The term cyberwar pops up almost every day in public media. Regardless of its wide use, the term has been poorly explained. What does it mean? What are the principles framing and governing it? How does it fall within the way we think about war? We will answer these questions, among several others, in a five-part “cyberwar series”—starting with this post.
Cyberwar is a form of confrontation taking place in the cyber-physical reality we live in. The means of this warfare reside in cyberspace, yet its effects are felt in both cyber and physical worlds. The merger of cyberspace and the kinetic world adds new aspects to warfare: It can be waged with armed codes, through information bombing, from far away, and at an accelerated speed. The decisive factor is often a skilled individual rather than material resources (though resources can still make a difference).
However, not every malevolent or otherwise undesirable move in cyberspace is an act of war. Cyberwar takes place only in the wider context of an armed conflict or as preparation for it. Purely virtual “war” without material consequences is merely an overinterpretation of activities taking place in cyberspace.
Cyberwar blurs the line between peace and war
It is human nature to organize the world through dichotomies. If there’s no war, peace prevails. If you don’t need to worry about insecurity, you feel safe. If you didn’t initially attack, you’re acting in self-defense, and “you’re either with us or against us.” Cyberspace—and cyberwarfare taking place in it—blurs many of the conventional borders used for making such distinctions.
The cyberdimension of warfare brings war close to our everyday lives. The attack surface is something we all are very familiar with and dependent on: our computers and other smart devices, networks and, eventually, us as human beings. Hence acts of cyberwar target the same objects as the numerous cyberattacks every organization and individual needs to protect in times of peace, too. Unlike in conventional warfare fought between state armed forces, the legitimate target of cyberwar does not need to be military in nature.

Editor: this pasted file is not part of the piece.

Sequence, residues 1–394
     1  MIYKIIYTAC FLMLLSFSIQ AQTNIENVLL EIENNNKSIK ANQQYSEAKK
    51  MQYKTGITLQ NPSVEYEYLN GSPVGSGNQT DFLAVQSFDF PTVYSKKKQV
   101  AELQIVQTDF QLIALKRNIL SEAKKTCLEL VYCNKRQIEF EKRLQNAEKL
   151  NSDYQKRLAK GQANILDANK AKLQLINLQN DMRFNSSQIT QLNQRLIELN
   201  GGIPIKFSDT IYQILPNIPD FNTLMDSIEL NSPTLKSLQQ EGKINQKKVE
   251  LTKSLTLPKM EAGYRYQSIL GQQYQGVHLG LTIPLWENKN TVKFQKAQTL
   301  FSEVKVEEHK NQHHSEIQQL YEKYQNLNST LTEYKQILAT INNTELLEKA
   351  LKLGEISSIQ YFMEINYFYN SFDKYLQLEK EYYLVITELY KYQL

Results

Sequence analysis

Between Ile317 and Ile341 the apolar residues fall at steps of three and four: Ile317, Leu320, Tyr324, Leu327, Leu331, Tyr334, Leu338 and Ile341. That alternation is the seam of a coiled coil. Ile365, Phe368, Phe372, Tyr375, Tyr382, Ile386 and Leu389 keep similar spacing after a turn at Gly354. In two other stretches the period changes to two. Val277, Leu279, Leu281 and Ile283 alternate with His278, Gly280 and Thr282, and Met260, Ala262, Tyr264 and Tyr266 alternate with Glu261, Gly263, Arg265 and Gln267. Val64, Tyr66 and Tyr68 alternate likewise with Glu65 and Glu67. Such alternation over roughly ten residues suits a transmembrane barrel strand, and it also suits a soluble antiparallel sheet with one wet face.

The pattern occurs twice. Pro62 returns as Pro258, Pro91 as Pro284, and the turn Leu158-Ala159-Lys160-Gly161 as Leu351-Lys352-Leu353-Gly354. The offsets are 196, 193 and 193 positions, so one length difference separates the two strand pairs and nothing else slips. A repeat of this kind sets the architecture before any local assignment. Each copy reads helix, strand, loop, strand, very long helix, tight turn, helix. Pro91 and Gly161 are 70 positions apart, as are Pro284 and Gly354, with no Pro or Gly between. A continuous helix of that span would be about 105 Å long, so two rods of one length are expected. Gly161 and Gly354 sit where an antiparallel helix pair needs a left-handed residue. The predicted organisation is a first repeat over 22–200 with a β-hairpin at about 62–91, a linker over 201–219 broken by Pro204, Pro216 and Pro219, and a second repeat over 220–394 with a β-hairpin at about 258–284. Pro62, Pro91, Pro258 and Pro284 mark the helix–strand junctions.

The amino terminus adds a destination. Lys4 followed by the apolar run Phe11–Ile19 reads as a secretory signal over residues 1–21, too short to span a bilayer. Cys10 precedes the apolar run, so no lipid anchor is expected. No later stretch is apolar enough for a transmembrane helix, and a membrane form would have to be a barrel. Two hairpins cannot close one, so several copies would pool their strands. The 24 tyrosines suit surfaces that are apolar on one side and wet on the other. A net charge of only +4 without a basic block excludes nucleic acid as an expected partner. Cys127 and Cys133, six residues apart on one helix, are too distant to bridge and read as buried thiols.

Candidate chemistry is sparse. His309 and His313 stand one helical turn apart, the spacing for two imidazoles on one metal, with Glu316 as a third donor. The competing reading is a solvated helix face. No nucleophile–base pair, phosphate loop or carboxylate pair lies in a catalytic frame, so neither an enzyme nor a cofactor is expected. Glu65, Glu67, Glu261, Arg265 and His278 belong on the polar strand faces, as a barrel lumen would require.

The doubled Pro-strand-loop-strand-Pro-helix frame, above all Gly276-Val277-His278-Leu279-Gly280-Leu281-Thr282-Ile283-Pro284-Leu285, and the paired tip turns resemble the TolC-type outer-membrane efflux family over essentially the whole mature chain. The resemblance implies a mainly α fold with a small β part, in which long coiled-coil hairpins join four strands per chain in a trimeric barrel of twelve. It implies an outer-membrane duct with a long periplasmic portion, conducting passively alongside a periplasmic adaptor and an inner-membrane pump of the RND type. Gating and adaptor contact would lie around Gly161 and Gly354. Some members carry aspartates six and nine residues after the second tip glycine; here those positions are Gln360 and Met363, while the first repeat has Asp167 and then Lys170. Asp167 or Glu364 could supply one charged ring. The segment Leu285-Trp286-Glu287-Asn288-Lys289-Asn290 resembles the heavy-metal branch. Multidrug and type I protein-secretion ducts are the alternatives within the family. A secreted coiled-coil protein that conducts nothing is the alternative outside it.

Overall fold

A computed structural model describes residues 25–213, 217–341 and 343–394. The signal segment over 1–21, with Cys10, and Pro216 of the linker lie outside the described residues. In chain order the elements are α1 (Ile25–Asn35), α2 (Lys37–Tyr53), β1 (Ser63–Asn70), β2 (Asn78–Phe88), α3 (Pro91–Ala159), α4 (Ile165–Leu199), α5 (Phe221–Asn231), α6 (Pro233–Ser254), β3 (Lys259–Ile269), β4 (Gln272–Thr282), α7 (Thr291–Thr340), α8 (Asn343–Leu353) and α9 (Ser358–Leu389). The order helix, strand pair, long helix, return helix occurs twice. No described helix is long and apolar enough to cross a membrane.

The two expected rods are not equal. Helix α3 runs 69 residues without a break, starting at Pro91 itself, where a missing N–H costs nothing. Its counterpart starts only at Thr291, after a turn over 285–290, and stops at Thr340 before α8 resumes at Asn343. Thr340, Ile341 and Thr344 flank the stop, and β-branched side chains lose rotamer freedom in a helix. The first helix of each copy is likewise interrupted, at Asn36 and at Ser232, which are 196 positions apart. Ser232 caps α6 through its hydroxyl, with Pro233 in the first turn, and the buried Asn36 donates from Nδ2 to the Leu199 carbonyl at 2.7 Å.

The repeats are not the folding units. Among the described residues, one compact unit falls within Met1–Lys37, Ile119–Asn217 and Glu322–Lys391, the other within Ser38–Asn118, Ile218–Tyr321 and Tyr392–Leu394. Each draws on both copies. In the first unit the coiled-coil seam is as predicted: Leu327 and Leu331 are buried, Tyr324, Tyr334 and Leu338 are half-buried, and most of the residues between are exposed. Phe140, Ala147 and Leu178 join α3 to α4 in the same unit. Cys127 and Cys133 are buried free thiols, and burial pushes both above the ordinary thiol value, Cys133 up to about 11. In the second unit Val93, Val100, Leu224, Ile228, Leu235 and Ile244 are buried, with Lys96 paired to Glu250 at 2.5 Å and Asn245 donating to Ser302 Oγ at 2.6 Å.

Cyberconflicts also tend to spill over. Activities are not solely targeted at the opponent but at anything that can raise enough attention and further one’s cause. Due to the networked nature of cyberspace, the effects are under nobody’s control. Cyberwar spills over to other countries and into the networks of bystanders, which may complicate the process toward peace. This, as well as the continuous intelligence and propaganda activities that take place outside the conflict yet contribute to war preparations and security maintenance, make the differentiation between war and peace in cyberspace impossible. We live in a gray zone between the two.
Cyberwar blurs the line between military and civilian
It is not merely the border between peace and war that has become blurred. War is now waged in and against entire societies. The main object to be protected in every highly networked nation is its critical infrastructure, which is primarily privately owned. Critical infrastructure is the backbone of a modern society; thus paralyzing or destroying its critical nodes would cripple the target society. The effects would be felt in both military and civilian sectors.
Moreover, cyberspace is a multipolar order inhabiting numerous actors with different interests. The state is only one of them and does not hold a monopoly on destructive or threatening force. Due to relatively low barriers of access, wide availability of malicious code, seeming anonymity, reduced emphasis on material resources, and ambiguity revolving around the term cyberwar, many actors are intentionally or unintentionally both offenders and targets in cyberconflict. Because the state cannot provide everyone’s security, organizations and individuals alike have become responsible for their own cyberdefenses. This necessity enhances the role of companies in contributing to national security, which has become a growing asset ranging from individual to transnational efforts to enhance cybersecurity. The current debate includes whether companies should be granted a legal right to offensive operations, too.
How do we organize the world around us when conventional borders are in flux?
The decisive challenge we face in the coming years is how to live and create order in a multipolar, cyberinfused world. We are likely to remain in the gray zone between war and peace; yet the border between military and civilian realms will become more porous and renegotiated. The decisive question may well be “Who controls whose actions?” In this process the state will find its place in the emerging multipolar (cyber) world order as one of the producers of national security.
All contemporary conflicts—and future crises even more so—contain a cyber element. Building and maintaining national security without taking cyberspace into consideration is now impossible. Ignoring it constitutes reckless behavior—equal to disregarding, for example, the security of a state’s coastline. No decision maker would get away with that.